Going off of that, how do you think the structure of tournament play (only a handful of players going to compete) shapes the team’s ethos?

That’s the main challenge as the leader of the team: to make sure that those guys who are sticking around [at the College] on the weekends, instead of travelling, still feel like they are a part of the team and still in the mix if they play well. We’ve done a good job of making the weekends at home a qualifier of sorts for the people who stick around here. We try to keep the communication open and make sure they feel in the loop.

How does the golf team differ from other teams?

It’s very different. We aren’t based out of the gym or Weston Field. We aren’t as in the loop with the trainers, [equipment room staff]. … It’s a little different, but in a good way. We have Taconic, which is our home base. Also, golf is a sport where practice has to be tailored to the individual because people have different needs week-to-week. If people are playing well, they want to be on the golf course and shoot some scores. If they are struggling with their swing, they want to go to the range. If they’re struggling with their putting, they probably want to go to the putting green. Starting last fall, instead of having team range sessions and team playing days, we left it open to people. They could just report back how it went. Practice for us looks different than it does for most other teams, but I think it’s definitely effective for making us better golfers.

You left the College in spring 2016 to work for Bernie Sanders’ presidential campaign. What impact did that experience have on your golf career and relationship with the team, especially since you are, as a result, in your third season as a captain?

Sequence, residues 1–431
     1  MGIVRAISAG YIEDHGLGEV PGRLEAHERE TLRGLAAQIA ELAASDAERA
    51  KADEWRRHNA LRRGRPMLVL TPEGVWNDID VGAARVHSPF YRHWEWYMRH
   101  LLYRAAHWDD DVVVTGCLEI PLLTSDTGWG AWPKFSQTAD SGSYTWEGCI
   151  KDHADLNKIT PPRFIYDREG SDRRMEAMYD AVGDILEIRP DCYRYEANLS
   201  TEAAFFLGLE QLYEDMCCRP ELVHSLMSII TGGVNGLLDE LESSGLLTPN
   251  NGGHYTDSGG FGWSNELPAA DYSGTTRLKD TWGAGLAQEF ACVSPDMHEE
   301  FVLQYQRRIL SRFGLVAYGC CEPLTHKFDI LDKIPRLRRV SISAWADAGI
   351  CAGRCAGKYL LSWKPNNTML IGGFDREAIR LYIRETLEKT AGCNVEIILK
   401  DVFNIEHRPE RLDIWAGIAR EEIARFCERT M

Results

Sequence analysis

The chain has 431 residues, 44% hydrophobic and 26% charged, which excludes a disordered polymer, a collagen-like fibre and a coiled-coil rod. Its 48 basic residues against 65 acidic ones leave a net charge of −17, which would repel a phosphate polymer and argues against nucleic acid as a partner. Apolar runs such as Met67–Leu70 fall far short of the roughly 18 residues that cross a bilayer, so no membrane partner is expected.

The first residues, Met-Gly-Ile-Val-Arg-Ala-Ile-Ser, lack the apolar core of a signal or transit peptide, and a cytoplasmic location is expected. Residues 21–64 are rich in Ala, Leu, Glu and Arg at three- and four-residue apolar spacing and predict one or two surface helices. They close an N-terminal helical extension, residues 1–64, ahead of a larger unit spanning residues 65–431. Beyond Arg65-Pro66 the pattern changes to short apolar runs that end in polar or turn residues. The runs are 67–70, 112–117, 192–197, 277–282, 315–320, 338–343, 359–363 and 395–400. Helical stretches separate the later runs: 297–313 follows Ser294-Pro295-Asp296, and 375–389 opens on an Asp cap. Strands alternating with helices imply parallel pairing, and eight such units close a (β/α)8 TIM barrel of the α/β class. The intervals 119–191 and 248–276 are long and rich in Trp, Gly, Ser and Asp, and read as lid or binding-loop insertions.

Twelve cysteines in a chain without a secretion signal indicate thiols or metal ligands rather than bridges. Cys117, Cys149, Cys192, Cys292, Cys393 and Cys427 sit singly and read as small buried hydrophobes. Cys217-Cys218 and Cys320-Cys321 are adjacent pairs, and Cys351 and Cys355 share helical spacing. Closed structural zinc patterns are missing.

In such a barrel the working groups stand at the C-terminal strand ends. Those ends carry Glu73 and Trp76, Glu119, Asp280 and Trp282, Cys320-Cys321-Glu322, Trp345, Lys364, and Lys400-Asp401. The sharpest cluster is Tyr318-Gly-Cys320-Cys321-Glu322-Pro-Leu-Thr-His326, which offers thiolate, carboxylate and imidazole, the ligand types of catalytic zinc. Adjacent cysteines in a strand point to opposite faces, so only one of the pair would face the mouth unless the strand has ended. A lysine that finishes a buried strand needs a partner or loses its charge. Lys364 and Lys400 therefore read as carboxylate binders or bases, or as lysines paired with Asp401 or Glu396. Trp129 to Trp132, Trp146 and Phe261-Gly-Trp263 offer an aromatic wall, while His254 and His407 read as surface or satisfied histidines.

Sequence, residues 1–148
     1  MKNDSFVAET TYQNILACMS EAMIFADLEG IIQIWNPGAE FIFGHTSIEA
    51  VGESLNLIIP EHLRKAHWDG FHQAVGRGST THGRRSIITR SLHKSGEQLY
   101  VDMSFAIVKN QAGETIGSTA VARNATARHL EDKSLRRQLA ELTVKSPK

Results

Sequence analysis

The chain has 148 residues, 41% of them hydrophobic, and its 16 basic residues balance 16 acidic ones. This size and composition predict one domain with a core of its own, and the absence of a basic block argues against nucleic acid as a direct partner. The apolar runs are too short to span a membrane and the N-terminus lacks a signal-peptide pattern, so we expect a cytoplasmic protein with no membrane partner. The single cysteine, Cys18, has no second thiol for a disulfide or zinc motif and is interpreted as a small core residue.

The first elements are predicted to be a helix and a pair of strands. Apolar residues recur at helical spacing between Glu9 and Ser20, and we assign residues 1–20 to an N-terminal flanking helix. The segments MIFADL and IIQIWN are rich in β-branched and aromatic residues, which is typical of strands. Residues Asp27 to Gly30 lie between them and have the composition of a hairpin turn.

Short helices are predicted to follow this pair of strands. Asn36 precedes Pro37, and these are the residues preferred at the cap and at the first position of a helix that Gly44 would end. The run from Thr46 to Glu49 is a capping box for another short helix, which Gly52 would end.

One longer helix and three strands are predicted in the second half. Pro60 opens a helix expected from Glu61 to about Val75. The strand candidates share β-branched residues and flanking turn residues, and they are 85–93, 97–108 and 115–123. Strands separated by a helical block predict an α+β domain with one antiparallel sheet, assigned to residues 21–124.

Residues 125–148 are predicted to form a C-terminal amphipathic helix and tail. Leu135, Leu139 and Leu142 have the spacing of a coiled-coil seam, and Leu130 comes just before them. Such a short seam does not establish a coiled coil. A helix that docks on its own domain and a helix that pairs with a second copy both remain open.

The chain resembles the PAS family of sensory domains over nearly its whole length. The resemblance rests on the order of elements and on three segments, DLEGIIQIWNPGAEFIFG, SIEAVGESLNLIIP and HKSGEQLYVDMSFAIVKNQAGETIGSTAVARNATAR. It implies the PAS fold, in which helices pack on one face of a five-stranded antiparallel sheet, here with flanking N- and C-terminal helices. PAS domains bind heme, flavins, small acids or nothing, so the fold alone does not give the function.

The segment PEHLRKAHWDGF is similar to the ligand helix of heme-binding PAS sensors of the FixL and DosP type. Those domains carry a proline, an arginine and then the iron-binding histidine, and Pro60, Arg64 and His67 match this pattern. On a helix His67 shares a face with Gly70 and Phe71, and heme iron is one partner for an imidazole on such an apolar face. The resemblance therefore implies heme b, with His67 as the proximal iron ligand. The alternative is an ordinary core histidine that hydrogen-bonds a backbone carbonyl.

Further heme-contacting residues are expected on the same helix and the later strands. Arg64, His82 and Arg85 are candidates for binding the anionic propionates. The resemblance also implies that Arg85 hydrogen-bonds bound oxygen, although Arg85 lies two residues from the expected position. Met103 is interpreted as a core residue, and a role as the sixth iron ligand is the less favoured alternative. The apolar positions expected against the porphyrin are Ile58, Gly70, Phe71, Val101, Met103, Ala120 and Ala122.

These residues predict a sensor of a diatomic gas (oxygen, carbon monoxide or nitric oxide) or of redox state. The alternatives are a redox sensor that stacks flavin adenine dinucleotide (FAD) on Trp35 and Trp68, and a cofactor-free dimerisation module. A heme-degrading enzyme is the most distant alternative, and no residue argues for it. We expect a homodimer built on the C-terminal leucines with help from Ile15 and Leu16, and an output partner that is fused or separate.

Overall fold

I had gone abroad in the fall of 2015 and enjoyed that a lot. I was in Scotland and got to play some golf there and, just as that was drawing to a close … I just realized I was looking to do something else for the next semester. Basically, it happened that the 2016 presidential election was in full-swing at that point, and I jumped at the opportunity to go help with [the Sanders] campaign. That was a great experience for me as a political science major to get out into the real world and learn a little bit more about American politics outside the classroom. I kept in touch with the team and came back on campus once or twice that spring. Last year, after returning to the team from a full year away, I felt a little disconnected from Williams, but jumping right back in was no problem. It was a good decision, a worthwhile thing to do. It didn’t have much of an impact on my golf game or the golf team.

And what’s your favorite course in the world?

Oh my! Having spent a semester in Scotland, some of the courses I played there were pretty spectacular with all of the history there. It’s a different style of golf than what we have here in the United States. Probably the Old Course at St Andrews. Not so much the course itself, but the history and the environment – it’s kind of a part of town there in St Andrews. It’s a pretty special place since that is where golf started. I got to play that a number of times.